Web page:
The Beginning by Emma De Vito

Time stood still. Just for a moment. But it was enough.

Their eyes closed as the silty sand was sprinkled over their faces. Sleep came quickly and plunged them into darkness. They would not dream. Dreaming was forbidden. It was for this reason, parents all over the village made use of the services of Mr Sandman.

Each week, he visited the homes of the inhabitants and gave them a substance which would guarantee harmonious slumber. A vial of dust, heated gently over the flame of a candle every night, was all it took to ensure peace of mind. Georgia used it on her two children religiously. When her youngest woke one winter’s morning, screaming of having seen images in her sleep, she couldn’t understand why the sleep mixture hadn’t worked.

The first time her daughter dreamt, she predicted a terrible storm which caused devastation to the area. The second time, she foresaw a plague which ravaged a nearby town. Georgia was certain fearful residents would misinterpret her daughter’s dreams as witchcraft; so, she resolved to keep quiet and made her daughter promise to never tell anyone – not even daddy.

On the eve of the anniversary of ‘The Beginning’, a third dream came; this one, she dreamt more than once, but the meaning was too unclear. Worried, Georgia visited her god-father who had been a doctor before the dreaming had stopped. She went to him alone.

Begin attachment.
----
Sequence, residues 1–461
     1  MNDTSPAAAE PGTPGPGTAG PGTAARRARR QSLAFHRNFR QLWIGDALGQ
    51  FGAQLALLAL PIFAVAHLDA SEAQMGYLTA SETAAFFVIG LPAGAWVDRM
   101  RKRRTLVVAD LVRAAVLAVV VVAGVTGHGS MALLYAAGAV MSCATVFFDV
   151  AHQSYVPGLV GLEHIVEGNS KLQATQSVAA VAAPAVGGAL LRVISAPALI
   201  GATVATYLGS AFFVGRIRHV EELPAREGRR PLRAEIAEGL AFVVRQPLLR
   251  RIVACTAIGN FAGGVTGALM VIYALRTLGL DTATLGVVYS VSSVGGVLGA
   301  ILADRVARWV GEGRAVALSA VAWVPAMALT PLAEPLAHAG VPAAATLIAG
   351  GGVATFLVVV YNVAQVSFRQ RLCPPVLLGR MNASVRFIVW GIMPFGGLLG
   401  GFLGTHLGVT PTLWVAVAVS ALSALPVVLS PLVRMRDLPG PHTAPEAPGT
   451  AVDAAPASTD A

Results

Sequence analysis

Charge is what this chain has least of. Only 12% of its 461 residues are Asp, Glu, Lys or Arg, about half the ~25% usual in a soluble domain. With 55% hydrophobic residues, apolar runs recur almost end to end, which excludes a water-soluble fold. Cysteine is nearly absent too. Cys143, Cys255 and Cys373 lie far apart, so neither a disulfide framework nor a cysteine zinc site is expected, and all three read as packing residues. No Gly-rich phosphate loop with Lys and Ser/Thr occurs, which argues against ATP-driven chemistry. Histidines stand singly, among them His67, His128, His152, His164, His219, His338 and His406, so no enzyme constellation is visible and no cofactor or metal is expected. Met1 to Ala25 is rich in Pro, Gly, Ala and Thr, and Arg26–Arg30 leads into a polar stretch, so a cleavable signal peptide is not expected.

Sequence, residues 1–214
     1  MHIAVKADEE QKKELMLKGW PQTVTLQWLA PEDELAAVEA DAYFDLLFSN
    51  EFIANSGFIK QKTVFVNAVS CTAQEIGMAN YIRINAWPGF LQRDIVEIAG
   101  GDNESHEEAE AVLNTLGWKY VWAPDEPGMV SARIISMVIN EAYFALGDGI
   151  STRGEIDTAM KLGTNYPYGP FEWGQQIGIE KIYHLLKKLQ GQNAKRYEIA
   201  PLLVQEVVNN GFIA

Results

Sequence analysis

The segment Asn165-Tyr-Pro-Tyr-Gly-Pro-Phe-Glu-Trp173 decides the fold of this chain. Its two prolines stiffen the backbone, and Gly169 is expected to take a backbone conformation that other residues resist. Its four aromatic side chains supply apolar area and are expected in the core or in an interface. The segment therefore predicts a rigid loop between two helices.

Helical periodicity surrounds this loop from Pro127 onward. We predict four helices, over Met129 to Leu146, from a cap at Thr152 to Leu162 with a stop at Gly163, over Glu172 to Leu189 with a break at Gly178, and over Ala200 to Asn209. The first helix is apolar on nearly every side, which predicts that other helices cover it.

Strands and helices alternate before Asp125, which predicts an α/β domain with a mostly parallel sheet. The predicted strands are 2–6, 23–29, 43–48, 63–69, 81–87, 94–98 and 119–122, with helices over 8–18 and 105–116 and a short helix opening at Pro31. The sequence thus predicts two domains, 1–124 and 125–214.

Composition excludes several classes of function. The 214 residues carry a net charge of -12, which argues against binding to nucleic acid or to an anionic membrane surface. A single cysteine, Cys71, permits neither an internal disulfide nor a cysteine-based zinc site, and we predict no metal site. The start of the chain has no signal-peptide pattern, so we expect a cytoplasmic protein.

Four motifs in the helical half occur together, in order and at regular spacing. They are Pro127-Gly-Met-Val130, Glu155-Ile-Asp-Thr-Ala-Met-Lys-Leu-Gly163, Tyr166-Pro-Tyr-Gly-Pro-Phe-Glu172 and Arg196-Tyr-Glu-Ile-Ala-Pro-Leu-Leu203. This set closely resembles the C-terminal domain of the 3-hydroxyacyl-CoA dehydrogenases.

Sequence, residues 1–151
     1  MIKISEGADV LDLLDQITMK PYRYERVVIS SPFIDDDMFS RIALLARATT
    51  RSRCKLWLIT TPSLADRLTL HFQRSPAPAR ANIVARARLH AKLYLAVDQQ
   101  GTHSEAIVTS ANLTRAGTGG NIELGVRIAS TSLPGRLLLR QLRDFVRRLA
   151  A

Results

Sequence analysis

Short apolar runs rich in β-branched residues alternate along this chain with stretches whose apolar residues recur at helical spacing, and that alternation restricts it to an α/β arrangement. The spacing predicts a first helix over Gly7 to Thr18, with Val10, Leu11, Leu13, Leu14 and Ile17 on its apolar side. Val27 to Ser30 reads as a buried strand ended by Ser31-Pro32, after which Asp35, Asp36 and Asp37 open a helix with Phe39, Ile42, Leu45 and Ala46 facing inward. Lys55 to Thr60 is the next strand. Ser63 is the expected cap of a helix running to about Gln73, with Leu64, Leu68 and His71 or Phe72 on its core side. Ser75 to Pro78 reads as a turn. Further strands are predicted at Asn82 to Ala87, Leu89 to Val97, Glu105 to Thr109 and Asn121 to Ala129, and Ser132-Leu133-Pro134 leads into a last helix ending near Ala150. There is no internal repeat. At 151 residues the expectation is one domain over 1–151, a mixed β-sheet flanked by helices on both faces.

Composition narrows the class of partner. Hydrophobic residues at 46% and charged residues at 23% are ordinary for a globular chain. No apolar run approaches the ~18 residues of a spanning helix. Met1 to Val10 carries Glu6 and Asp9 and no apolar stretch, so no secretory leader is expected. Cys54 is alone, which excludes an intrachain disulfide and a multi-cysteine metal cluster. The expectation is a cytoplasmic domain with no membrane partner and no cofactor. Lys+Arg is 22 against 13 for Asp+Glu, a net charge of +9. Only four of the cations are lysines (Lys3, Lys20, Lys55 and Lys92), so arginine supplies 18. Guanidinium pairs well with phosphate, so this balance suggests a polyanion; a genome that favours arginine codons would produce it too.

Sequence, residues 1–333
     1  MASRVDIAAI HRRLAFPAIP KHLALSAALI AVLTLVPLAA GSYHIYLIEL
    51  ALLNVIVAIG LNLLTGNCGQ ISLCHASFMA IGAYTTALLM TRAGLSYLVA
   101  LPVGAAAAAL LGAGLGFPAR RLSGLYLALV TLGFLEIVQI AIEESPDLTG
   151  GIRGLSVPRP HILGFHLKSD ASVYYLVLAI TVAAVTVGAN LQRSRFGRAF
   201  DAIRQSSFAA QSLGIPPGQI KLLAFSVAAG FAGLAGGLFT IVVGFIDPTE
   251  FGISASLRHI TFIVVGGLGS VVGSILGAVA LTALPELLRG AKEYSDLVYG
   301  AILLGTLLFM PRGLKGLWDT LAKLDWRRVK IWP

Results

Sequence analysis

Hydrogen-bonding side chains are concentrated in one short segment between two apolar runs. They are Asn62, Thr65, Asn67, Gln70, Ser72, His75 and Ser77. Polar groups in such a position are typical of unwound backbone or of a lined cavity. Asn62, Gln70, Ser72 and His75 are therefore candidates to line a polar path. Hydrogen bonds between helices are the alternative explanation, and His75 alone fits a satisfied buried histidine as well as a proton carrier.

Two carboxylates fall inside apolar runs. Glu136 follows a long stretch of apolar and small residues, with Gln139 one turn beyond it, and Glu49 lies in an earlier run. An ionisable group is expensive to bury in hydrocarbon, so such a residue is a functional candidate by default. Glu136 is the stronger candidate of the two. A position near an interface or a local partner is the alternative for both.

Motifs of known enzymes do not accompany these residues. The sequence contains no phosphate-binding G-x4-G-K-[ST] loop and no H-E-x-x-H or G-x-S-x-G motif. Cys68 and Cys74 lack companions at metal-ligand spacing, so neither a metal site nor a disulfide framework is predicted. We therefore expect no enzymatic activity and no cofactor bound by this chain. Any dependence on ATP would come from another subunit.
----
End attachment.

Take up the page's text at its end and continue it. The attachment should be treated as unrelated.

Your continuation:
He listened attentively, as Georgia explained what her daughter had seen – pretending the dreams had been hers. Nodding understandingly, he offered her words of comfort, whilst his hands – out of sight under the desk – trembled with each word she relayed to him.

“And you have had this dream, how many times?”

“Three. And it’s always the same. I’m lying in a field. The grass is soft to the touch and the warmth of the sun caresses my skin with tiny kisses. I breathe in the fresh air as birds sing. And I can run through the endless meadows, freely. And then I wake up.”

Looking at his god-daughter, the doctor smiled soothingly. No-one had dreamed for years.

“What do you think it means?” she asked.

He had known her for nearly forty years; had watched her take her first steps. Babysat her two children on more than one occasion. But the dream. He knew what it meant. It was a sign of hope, and if the vision was realised the whole government which controlled their lives would be brought down. They would never allow that. If they found out he had known and done nothing… But how could he betray her; she was like a daughter to him.

He rested one hand on top of hers, reassuringly, as he pressed the alarm under his desk with the other.

His family came first. She needed to be silenced.



Emma is an English teacher and flash fiction/short story writer from the West Midlands. For the last year, she has been a Social Media Associate for The Word Factory and enjoys reading as a hobby. Twitter: @Little_Emma19.